Yes, thank you so much for the opportunity, Garth, yes. I have been leading this business at IQVIA for the past 10 years. And I was closely involved in establishing and managing and growing this business globally. Essentially, this was a new idea 10 years ago, the acceptance was low in terms of its scientific robustness or validity for the pharmaceutical and healthcare industry. But I think we have done a fair work in terms of bringing scientific credibility to insight from social media. And my team is involved in you know, creating innovative digital and social analytics offerings, which help pharma and consumer health clients gather patient-centric and physician-centric insights from large unstructured social data, which informed their commercial and clinical decisions. So, you know, over the past 10 years, IQVIA’s social media intelligence team has worked extensively with pharma clients and delivered insights in many areas such as market research, competitive intelligence, launch, Medical Affairs, real-world evidence, digital marketing, patient engagement and scientific communications. So, it’s a fascinating area, it’s still somewhat new as compared to some of the traditional research areas for consumer health. But nevertheless, this idea is catching up.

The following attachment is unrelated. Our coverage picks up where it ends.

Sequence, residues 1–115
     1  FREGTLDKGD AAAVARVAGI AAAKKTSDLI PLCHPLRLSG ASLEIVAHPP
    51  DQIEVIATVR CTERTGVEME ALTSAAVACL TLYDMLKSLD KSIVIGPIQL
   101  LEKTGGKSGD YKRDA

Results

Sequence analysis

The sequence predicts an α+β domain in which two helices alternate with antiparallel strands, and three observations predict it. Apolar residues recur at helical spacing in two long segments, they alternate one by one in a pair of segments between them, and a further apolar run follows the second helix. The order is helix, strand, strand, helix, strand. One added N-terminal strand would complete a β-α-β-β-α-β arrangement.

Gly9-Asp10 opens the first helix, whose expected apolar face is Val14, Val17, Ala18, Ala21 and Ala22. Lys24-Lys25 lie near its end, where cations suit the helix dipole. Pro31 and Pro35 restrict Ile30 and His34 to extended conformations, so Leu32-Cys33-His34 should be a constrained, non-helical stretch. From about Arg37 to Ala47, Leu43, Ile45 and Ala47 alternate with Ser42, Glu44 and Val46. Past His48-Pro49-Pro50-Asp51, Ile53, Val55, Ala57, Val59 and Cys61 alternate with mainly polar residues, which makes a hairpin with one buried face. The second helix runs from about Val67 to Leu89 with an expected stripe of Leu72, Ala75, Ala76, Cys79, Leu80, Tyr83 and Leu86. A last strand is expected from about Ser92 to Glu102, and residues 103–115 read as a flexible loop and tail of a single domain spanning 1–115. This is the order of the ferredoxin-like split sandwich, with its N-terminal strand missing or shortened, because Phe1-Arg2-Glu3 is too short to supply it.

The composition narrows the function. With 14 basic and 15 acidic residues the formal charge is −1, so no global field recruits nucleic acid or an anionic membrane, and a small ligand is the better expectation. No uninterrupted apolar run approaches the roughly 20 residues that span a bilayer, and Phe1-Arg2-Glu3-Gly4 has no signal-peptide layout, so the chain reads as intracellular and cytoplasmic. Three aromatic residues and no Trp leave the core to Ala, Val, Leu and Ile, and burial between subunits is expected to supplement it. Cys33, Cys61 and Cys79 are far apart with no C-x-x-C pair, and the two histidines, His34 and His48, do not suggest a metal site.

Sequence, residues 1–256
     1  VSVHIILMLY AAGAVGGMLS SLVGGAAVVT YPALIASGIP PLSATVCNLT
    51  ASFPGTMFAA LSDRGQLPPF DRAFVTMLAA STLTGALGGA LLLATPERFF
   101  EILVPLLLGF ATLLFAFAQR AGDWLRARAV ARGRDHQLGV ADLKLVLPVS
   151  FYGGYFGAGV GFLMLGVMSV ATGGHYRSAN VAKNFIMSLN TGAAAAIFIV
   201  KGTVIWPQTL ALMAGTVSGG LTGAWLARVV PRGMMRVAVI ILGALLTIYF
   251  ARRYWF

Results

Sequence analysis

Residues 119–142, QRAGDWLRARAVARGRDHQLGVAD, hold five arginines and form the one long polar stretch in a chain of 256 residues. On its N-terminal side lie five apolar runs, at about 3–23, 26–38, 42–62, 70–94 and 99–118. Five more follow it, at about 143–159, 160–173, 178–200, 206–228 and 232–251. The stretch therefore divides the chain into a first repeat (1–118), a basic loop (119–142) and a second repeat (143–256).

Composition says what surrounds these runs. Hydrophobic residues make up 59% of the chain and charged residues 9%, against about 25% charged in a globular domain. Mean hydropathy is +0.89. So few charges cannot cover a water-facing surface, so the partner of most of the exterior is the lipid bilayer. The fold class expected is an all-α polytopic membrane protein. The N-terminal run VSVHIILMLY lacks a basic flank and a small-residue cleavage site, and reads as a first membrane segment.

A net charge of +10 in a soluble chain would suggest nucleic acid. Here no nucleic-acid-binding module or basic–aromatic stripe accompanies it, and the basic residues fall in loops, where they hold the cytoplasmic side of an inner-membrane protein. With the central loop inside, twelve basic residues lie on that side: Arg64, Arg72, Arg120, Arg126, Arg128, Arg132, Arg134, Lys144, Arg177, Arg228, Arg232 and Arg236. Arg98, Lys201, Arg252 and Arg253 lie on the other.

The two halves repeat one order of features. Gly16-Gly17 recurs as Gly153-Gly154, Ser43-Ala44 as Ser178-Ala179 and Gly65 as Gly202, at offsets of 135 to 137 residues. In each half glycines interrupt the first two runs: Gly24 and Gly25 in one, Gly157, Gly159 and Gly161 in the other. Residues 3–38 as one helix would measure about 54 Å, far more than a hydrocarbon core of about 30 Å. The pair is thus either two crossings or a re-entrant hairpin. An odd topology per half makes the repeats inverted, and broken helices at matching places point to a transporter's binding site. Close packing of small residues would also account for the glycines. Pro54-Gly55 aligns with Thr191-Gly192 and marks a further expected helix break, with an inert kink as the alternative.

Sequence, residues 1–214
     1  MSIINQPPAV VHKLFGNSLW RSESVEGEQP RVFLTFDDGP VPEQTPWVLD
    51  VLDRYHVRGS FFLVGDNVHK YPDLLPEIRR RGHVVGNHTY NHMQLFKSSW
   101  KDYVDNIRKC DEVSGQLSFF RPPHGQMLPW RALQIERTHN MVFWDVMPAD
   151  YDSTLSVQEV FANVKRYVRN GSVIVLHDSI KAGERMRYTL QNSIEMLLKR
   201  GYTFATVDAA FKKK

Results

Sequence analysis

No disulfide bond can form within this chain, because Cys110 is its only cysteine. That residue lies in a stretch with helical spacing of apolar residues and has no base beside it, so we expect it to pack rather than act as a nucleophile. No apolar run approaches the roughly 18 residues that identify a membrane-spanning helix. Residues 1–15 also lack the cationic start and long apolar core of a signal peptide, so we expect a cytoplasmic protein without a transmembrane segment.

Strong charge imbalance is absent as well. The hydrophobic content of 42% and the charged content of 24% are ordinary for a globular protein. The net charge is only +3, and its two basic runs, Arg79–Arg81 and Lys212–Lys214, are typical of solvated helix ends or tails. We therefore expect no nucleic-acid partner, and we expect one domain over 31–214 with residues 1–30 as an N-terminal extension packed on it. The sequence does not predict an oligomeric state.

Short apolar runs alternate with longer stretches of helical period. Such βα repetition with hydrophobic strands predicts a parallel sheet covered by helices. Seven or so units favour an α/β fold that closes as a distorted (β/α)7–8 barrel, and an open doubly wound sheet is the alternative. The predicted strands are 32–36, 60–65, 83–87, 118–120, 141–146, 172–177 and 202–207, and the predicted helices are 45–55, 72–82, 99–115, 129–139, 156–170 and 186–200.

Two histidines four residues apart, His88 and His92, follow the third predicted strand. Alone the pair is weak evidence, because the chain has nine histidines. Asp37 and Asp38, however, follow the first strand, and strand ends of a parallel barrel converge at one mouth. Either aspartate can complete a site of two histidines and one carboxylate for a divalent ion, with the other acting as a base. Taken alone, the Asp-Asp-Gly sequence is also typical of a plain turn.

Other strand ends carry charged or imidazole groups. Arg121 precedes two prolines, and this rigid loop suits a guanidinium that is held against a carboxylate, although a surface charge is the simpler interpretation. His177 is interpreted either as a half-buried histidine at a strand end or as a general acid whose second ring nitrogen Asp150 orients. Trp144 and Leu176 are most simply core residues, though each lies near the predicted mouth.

Garth Sundem 2:09
Yeah, so certainly, social media is a massive data source. Is that the primary function that you see social media for Medical Affairs, is as a massive source of data?
Tanmay Saraykar 2:22